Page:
Just then, Luke's quiet friend stepped into the fray. A lanky chap in t-shirt and slacks that seem to slowly drift down to the VCL
1. Tugging them up at the last instant, he spoke with a mild grin: 'Excuse my friend, he is not very PC.'

'You bet I'm not PC, Steve. You –' he said, addressing me. 'Just give me my coffee. When the cup says Luke, it is me.'

'This is my coffee. My name is written on it. And I'm bloody well having it.' I said, and sipped it watching Luke's dismayed reaction.

The barista hollered again - 'Cappuccino for the Asian Luke.'

Awkward silence followed as my expression turned sheepish and Luke's turned murderous. Ok, I messed up.

'All right, it is an honest mistake. Two guys, same name.'

'That ain't a mistake. You are trying to pass off as someone you are not.'

'There you go. RNP again,' said Kenny Rogers.

'RNP? Now it is an acronym? Here is some RNP for you. I walk into an ethnic place and try to pass off as a Nguyen or a Reddy, I will tear the place down with laughter.'

'You are wrong, Luke,' I said. 'They might be surprised, but they won't insult you.'

'Ha! That's what you think!' said Luke.

Steve said: 'Well, there is only one way to find out. I know the perfect Indian place. It is a chat cafe just a couple of blocks away.'

I was game. Luke pondered for a second and accepted the challenge. Rogers said he will tag along to watch Bollywood in the Indian café. He said he is a big fan of Shah Rukh Khan.

'What is taking my Latte so long?' Steve wondered, as his slacks again descended towards VCL.

'Forget it, theAsian Steve just whisked it,' said Luke, with a sardonic guffaw.

There are many chat cafés in the Bay Area, but this place is unique in two respects. First, the kitchen has an exhaust, though it seems to exit the odors into the dining area where they permeate into the customers' skins. Second, the cashier takes orders by names, which is why we came here to test our ethnic RNP theories.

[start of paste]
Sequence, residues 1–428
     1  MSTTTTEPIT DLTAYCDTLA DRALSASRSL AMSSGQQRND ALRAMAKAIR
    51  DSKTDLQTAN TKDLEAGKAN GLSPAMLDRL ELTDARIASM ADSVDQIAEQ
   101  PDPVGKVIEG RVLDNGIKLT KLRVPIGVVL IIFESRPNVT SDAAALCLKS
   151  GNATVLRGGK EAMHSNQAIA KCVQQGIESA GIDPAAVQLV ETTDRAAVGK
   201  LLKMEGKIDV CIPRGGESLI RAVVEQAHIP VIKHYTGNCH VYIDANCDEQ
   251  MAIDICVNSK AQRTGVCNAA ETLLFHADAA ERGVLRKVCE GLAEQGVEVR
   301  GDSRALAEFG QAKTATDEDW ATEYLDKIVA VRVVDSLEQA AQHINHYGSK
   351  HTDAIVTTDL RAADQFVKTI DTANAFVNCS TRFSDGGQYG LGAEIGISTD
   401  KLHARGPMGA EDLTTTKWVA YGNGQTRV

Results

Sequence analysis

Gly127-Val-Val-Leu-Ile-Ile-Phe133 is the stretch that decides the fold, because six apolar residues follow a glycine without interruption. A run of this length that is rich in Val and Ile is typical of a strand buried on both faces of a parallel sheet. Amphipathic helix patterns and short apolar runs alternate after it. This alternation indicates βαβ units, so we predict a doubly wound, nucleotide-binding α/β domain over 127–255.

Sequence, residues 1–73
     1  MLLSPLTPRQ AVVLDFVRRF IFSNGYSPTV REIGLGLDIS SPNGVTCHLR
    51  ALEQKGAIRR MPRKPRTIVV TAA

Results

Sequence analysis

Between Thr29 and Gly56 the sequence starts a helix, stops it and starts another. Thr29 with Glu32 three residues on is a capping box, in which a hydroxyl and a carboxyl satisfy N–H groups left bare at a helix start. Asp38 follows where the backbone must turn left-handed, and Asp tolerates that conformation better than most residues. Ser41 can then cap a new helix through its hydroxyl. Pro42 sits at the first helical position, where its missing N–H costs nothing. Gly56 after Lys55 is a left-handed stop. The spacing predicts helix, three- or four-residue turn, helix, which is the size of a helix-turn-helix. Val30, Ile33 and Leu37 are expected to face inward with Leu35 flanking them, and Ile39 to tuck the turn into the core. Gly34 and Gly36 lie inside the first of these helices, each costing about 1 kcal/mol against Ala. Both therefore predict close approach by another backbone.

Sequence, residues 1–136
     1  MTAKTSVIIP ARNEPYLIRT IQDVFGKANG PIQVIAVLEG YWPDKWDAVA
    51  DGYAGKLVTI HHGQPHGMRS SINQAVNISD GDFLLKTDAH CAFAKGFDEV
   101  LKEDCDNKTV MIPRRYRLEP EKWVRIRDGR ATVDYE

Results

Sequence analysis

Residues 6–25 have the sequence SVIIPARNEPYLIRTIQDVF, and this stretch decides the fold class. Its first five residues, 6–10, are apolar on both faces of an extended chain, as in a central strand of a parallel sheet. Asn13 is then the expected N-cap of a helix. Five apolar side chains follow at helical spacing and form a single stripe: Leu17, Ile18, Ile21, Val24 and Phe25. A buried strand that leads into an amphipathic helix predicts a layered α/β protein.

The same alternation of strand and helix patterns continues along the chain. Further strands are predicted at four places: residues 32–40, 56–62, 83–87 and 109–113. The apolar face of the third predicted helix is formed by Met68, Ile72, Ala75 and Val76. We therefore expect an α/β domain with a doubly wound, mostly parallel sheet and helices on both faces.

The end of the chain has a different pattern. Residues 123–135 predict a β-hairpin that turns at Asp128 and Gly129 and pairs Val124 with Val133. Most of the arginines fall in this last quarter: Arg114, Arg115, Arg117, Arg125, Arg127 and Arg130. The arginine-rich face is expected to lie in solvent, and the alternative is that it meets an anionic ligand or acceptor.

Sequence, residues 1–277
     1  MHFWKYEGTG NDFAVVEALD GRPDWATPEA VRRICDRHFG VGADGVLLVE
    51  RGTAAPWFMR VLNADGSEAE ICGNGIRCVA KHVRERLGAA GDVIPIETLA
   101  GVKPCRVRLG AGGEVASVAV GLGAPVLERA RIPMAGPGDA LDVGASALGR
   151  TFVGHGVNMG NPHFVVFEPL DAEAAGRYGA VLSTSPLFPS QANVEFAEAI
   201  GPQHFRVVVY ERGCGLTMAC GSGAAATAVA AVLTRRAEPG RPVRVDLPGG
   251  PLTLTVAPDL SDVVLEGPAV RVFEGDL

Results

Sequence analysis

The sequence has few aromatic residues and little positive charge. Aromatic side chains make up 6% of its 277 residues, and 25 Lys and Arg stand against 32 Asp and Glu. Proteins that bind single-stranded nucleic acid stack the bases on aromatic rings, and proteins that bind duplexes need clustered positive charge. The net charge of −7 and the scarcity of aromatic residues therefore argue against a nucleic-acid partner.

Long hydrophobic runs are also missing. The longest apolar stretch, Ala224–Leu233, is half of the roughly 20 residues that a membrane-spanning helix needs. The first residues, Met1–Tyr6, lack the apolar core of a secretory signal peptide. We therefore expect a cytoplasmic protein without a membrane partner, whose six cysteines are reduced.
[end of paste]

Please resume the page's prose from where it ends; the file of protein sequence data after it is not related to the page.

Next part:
First to order was Steve who chose a samosa chat and gave his name to the bushy-eyebrowed, open-mouthed cashier typing on his computer.

Steve recommended the same dish to Luke who was next up.

'Your name, sir?'

Without flinching, Luke said loudly to anyone who can hear: 'Reddy.'

One bushy eyebrow went up, but the cashier remained glued to the screen. No one laughed, no one seemed to care.

'Repeat: I am Reddy!' said Luke, a little louder. Still no reaction. I smiled pleasantly at Luke who just grunted.

Next up was Kenny Rogers who ordered a Bhel Puri.

'And your name, sir?'

'Shah Rukh Khan.' Both the bushy eyebrows went up, and bobbed once.

I leaned over and asked Kenny what the hell he was trying to do. He said that was the first Indian name that came into his head.

'But you don't need an Indian name here. Just be yourself.'

'Over here, I want to be someone else.' Kenny said. His top shirt buttons were already undone like Indian matinee idols. I peered hard into his face and saw a bit of insanity there. He had moved on from Kenny. He put on shades. A role player who lived in his roles.

When my turn arrived, I ordered a kulfi and gave my name.

'So is that your real name?' Luke asked after we found a table.

'Let us stick to the point. No one here gives two straws whether you are Luke or Reddy. Names don't mean anything here. You got to concede the argument.'

'We are not done,' Luke said, but unconvincingly.

The waiter brought Steve's order first who immediately started digging into it.

'Mmmm … ' said Steve, 'this tastes good.'

I got my Kulfi, Kenny his bhel puri, and then Luke's order arrived.

Luke took a big spoonful and immediately turned purple. His flat nose ballooned out, his eyes melted into waterfalls, his face turned ruddy and black.

'What the bloody f@!% is in this dish??'

'What is the matter?' I asked.

'One spoon and a nuclear reaction is going off in my head. I am dying here. Where is the waiter?'

The only waiter in that place came around shortly. 'Is there a problem, sir' he inquired.

Luke who was emptying sugar sachets into his mouth looked at him with burning eyes: 'There bloody well is. What did you put into my plate? TNT, RDX?'

'May I look at your orders, sir' said the waiter, checking our receipts.

'But I ordered the same dish and it is quite good,' Steve said.

The waiter suddenly exclaimed. 'Sir, Mr. Steve got the white-guy-spicy version, which is really mild. But since your name , is it really Mr. Reddy, sir?'

'Why not?' Steve asked.

'Sir, if you give your name as Reddy, the kitchen staff will think you are a real Reddy and automatically upgrade you to the Guntur-chili spice level , sir.'